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On the interpretation of this poem, see Introd. pp. 22, 23. I have there set forth the view which alone seems to explain the poem, that it is merely a specimen poem written in order to afford an opportunity for the personal references of ll. 22-fin. Hence the slight nature of the two introductory songs. The whole idyll has been rejected as spurious by Weise, and the majority of editors reject all except 7-27. The theory which I have defended accounts for all but the introductory six lines; they are to all appearance spurious and added by an editor who wished to introduce in some fashion the person who speaks in l. 22. The hand of the unskilful interpolator is betrayed by the otiose repetitions: 1. βουκολιάζεο - 5. βουκολιάσθευ; by the clause τὺ δ᾽ ᾠδᾶς ἄρχεο repeated in l. 2 (not a Theocritean touch but found, e.g. Callim. v. 13-15; Epig. 63; Epit. Adon. 51, 54, 58); by the sense of ὑφέντες in 3; by the extraordinary number of variants in the MSS.; by the rhythm of line 1. βουκολιάζεο and the heavy τὺ δ᾽ ᾠδᾶς; and by the monotony of rhythm throughout; each of the first five lines has the weak caesura followed by a comma or colon: none has 'bucolic caesura.' The poem began, therefore, without introduction. There is no internal evidence of any weight against the rest of the poem (vid. notes on 21, 28, 29). See further Legrand, Étude sur Théocrite, p. 9 (following Brücker he rejects the whole); Buecheler, Jahrbücher für Class. Philol. 1860.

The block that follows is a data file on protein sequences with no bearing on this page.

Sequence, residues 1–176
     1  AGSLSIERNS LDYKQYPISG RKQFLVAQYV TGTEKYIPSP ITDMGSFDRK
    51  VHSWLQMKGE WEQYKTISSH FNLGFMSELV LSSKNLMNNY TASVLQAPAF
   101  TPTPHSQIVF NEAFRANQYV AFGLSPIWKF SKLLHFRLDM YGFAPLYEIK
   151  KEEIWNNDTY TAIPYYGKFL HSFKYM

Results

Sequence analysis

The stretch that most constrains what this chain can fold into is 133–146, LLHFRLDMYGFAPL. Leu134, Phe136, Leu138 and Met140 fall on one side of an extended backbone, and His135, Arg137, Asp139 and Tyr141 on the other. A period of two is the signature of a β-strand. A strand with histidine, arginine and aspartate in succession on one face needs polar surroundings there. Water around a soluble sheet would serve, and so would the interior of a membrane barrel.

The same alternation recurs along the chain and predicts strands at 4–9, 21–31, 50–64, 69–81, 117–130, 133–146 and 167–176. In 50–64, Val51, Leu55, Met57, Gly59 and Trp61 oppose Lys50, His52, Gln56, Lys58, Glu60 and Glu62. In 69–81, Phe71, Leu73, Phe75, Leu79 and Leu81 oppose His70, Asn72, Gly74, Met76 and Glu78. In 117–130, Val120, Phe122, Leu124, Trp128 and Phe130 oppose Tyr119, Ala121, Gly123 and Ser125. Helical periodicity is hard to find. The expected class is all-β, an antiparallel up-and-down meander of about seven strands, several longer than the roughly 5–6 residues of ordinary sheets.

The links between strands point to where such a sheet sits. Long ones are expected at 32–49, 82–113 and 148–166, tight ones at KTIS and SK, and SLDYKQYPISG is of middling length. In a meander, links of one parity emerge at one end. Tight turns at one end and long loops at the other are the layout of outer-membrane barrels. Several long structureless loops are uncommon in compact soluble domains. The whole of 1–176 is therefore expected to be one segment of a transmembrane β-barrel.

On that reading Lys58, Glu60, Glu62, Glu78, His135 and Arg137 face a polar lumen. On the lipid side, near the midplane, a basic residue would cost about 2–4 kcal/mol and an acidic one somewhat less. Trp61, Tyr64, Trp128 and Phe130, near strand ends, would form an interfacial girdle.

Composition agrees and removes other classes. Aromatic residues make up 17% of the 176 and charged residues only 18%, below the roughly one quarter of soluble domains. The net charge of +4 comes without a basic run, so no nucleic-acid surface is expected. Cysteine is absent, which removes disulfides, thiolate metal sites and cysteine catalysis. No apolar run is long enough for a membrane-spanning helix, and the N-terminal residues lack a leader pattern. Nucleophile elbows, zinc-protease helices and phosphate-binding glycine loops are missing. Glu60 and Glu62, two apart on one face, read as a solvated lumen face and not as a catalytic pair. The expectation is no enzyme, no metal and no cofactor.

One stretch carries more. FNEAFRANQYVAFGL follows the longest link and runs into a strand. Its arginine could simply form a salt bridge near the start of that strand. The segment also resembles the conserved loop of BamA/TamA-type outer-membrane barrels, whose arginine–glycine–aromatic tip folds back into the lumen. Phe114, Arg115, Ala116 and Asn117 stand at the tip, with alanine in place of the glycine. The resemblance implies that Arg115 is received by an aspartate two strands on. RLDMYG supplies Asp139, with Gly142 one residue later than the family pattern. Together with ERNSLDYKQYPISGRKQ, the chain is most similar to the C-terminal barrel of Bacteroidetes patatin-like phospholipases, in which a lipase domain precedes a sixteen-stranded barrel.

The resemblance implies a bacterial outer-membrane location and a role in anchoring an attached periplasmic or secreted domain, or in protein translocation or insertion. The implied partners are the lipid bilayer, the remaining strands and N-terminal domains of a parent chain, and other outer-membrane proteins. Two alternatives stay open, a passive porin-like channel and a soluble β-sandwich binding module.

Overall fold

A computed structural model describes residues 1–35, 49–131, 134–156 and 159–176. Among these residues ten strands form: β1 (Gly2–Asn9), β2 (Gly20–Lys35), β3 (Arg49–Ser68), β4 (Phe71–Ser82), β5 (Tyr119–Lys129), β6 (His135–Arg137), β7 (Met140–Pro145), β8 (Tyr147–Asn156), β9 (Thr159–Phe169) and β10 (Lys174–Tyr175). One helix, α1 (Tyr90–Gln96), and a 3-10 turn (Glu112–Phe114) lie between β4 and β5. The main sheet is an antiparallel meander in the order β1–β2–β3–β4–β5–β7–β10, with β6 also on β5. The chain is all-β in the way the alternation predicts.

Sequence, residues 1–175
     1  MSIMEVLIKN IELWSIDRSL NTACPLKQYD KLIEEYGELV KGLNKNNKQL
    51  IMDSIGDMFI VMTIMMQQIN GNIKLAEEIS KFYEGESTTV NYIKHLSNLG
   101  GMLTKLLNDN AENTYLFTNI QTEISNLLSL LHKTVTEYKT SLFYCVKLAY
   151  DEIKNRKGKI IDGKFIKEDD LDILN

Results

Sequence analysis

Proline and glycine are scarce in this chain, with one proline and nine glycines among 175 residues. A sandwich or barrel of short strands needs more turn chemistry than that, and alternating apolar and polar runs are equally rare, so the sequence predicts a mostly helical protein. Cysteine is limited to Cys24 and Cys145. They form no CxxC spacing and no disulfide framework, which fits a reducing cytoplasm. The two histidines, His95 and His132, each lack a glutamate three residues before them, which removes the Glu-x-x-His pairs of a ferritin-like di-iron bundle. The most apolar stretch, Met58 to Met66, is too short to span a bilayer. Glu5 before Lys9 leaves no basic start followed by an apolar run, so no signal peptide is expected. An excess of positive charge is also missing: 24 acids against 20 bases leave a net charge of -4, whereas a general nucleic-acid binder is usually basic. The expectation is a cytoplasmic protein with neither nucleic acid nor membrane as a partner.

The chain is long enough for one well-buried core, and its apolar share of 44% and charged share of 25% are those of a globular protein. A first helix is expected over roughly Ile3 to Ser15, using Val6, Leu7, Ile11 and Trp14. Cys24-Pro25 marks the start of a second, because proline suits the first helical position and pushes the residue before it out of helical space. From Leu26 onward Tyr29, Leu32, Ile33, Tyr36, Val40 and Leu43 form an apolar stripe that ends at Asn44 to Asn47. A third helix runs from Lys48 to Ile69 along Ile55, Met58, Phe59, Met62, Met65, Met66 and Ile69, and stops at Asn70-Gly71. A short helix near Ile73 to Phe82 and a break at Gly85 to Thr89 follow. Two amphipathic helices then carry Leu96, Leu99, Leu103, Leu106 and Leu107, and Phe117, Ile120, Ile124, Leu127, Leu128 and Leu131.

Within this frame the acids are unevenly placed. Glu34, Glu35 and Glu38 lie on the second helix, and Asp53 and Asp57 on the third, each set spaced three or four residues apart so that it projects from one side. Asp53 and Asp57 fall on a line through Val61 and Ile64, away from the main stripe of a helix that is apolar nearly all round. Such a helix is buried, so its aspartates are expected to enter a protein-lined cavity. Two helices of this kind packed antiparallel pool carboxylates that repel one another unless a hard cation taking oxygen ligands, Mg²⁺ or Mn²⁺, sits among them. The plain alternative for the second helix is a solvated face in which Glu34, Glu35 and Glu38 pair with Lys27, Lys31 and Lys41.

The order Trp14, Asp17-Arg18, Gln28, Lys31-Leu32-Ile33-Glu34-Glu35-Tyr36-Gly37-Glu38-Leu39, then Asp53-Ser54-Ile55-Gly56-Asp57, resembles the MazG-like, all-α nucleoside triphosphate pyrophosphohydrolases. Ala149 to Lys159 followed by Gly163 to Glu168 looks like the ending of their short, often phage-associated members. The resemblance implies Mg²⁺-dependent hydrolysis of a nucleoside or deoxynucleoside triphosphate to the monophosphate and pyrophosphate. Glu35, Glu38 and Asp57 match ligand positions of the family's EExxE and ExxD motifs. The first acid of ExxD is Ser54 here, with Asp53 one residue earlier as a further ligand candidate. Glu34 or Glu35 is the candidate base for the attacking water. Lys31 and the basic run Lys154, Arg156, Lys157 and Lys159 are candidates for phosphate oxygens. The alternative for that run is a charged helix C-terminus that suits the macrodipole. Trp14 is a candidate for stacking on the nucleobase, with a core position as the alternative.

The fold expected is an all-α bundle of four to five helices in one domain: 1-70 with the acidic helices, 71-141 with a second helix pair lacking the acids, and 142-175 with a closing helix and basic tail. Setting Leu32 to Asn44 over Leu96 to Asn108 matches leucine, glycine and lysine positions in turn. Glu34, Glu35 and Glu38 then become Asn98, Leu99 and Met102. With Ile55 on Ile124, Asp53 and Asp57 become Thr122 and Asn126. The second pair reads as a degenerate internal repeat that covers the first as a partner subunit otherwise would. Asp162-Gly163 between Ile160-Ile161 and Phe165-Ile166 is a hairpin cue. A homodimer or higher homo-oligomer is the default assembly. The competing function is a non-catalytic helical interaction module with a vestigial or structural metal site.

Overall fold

1, 2 Vergil, Ecl. iii. 58'Incipe Damoeta: tu deinde sequere Menalca.'” The resemblance cannot be accidental, and Ahrens' opinion that the writer of these lines imitated Vergil has nothing to commend it. Therefore these lines, though spurious, were regarded as part of the poem in Vergil's time.

[3] ὑφέντες ταῖς βουσί cf. iv. 4; Odyss. ix. 245 ὑπὸ δ᾽ ἔμβρυον ἦκεν ἑκάστῃ.